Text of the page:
Thank you Thomas Edison, the inventor of the lightbulb. He and his cohorts put a strand of lights together and hung them outside on their labs in Menlo Park, New Jersey at Christmas time. People travelling by on the train would see the festive display, which unfortunately, did not catch on for nearly 40 more years. Too many folks were still afraid of electricity. I get that. It scares me too.

A friend of Edison, Edward Johnson, hand wired red, white and blue bulbs together in 1882, wrapped them around a tree which he had also placed on a revolving pedestal. Christmas that year at the Johnson household must have been fun! I would have loved to have seen that.

Finally, again, another country leader, in this case Calvin Coolidge, got everyone on the decorating bandwagon with electric lights. The first decorated tree at the White House, using electric lights, was turned on December 4th, 1923. This was actually the brainstorm of the assistant to the Secretary of Commerce, to help increase the use of electricity in the United States.

I think it worked.

Each of us, I am sure, carries memories of some amazing lighting show or decorations you have seen, maybe at home, or your grandparents, or the mall, or a theme park. Neighborhoods throughout the land have folks who love to decorate and I can recall several winters when I would drive with family or friends to look at those amazing light shows.

Some of my favorites were seeing all of the boats down in Key Largo and Fort Lauderdale decorated with lights, glowing flamingos and colorful flags. An enormous 60 foot pine tree growing in my parent’s yard in Ohio, that required a huge cherry picker to decorate, was so cool to see turned on every year. People used to stop out on the street to photograph it.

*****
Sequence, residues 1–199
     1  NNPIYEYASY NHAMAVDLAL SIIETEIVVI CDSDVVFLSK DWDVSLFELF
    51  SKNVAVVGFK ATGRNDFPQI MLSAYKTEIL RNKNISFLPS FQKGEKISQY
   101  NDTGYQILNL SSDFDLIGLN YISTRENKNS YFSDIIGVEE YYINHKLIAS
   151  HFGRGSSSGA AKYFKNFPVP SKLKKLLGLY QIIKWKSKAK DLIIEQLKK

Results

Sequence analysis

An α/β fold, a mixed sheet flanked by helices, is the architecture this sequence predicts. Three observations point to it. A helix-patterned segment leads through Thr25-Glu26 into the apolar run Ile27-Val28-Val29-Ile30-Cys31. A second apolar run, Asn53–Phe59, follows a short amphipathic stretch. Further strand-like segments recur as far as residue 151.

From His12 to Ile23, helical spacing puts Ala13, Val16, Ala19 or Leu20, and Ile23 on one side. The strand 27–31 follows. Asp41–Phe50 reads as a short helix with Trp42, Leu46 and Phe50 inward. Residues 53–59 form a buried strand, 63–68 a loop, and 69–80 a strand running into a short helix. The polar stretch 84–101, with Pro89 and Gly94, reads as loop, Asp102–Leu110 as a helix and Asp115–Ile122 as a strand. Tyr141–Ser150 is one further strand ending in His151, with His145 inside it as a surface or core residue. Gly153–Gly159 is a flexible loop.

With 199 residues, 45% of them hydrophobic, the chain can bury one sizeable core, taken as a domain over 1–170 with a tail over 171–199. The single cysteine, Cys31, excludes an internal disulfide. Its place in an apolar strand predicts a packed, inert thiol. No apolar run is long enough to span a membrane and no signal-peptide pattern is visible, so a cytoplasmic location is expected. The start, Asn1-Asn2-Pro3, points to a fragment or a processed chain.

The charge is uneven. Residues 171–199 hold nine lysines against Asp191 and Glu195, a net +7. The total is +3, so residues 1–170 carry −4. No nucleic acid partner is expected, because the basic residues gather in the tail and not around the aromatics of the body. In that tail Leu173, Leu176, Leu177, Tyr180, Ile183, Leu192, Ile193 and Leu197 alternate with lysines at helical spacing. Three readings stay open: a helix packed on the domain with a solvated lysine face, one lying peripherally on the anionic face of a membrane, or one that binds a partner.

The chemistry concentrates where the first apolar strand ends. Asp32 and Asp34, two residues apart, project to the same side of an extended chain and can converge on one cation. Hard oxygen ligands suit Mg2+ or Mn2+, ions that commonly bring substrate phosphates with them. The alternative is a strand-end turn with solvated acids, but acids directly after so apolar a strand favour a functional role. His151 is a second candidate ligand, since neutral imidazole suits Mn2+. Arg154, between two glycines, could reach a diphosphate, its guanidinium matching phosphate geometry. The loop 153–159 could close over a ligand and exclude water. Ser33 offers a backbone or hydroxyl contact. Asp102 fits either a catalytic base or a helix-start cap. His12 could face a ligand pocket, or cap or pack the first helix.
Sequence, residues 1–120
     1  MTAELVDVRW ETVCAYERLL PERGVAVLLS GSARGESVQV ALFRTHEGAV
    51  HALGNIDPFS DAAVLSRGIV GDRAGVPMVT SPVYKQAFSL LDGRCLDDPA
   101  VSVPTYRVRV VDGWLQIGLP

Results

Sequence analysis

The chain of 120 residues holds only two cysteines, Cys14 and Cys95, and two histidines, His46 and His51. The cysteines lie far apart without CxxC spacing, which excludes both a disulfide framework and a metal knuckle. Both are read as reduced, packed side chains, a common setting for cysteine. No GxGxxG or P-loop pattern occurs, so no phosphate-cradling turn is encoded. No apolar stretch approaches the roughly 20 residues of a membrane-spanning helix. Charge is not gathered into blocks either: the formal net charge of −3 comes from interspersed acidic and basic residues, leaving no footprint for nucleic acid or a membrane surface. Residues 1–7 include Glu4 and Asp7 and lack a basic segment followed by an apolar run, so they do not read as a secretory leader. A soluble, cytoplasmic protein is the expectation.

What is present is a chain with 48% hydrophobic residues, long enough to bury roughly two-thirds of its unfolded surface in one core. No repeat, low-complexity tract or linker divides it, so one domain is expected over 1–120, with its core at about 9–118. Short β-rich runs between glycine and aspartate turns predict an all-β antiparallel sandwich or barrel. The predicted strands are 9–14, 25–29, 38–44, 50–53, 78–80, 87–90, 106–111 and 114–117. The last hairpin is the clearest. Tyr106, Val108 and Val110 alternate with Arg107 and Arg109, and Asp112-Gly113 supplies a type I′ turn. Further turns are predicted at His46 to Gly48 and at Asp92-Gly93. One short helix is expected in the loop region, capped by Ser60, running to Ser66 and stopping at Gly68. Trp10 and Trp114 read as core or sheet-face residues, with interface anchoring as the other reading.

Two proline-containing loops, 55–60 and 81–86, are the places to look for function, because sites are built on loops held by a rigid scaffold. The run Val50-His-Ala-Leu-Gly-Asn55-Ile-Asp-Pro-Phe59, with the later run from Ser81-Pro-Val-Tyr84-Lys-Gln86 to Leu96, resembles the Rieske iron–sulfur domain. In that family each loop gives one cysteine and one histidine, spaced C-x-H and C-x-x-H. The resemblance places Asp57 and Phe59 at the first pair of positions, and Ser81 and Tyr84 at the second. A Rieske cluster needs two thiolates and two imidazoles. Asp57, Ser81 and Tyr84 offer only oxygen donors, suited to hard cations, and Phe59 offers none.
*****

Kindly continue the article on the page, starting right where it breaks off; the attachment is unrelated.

I hope this article sparks some wonderful memories for you (see what I did there?). Over many decades I have been able to see some very creative, and sometimes really tacky displays, but the same always applies for me - someone was so into the holiday and decorating that they put all of that out there for us to see, and enjoy...or not. Either way, it is always fun, even the Griswolds.

I have to say though, from all of the lights I have seen, from Rockefeller Center to a tiny adobe house out in the middle of Nowhere, New Mexico covered in turquoise lights, my favorite was in Manhattan. For years, in the fall/early winter, I would spend time there to see the latest Broadway shows and hang out in the big city. I was walking back to our apartment one night, down a side street, and passed by a small apartment building.

On the second floor was a small apartment with a tiny metal balcony off of the back. It overlooked a crowded little alley and the street I was walking along. It was about 10PM and the Christmas lights were on all over the place to warm the dark. The people who lived in that little apartment had decorated as well.

That balcony though, since it was so close to the ground and a nearby wall, was covered thickly in deadly razor wire. What made it so festive though, was that, Christmas lights were threaded artfully through the lethal barrier.

I stood there, on that back street in Manhattan for some time, enjoying this bit of festive glow in the dark. Down the street I could see 5th Avenue, shining so brightly like a herald from the gods, with its custom displays and thousands of lights, but, that little balcony, with its sweet show threaded between the razor wire to keep the occupants safe, spoke volumes to me.

Happy Holidays to one and all! I hope you have the best season ever and find your own, special way, to celebrate it.

Featured Posts
Recent Posts
permuted logo.JPG
  • facebook
  • Twitter Clean
  • w-googleplus

The greatness of a nation and it's moral progress can be judged by the way it's animals are treated - Mahatma Ghandi

©  Briar Lee Mitchell, 2014